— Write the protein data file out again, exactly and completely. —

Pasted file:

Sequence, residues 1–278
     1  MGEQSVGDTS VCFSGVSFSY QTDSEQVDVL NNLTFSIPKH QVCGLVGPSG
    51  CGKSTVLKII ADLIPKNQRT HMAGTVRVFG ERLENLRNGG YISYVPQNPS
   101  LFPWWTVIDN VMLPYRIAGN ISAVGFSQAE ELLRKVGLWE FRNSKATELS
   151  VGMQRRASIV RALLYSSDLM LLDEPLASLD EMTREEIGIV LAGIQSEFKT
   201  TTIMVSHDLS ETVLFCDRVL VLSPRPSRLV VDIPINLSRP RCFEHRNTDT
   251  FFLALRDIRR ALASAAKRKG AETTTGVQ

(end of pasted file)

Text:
Sequence, residues 1–278
     1  MGEQSVGDTS VCFSGVSFSY QTDSEQVDVL NNLTFSIPKH QVCGLVGPSG
    51  CGKSTVLKII ADLIPKNQRT HMAGTVRVFG ERLENLRNGG YISYVPQNPS
   101  LFPWWTVIDN VMLPYRIAGN ISAVGFSQAE ELLRKVGLWE FRNSKATELS
   151  VGMQRRASIV RALLYSSDLM LLDEPLASLD EMTREEIGIV LAGIQSEFKT
   201  TTIMVSHDLS ETVLFCDRVL VLSPRPSRLV VDIPINLSRP RCFEHRNTDT
   251  FFLALRDIRR ALASAAKRKG AETTTGVQ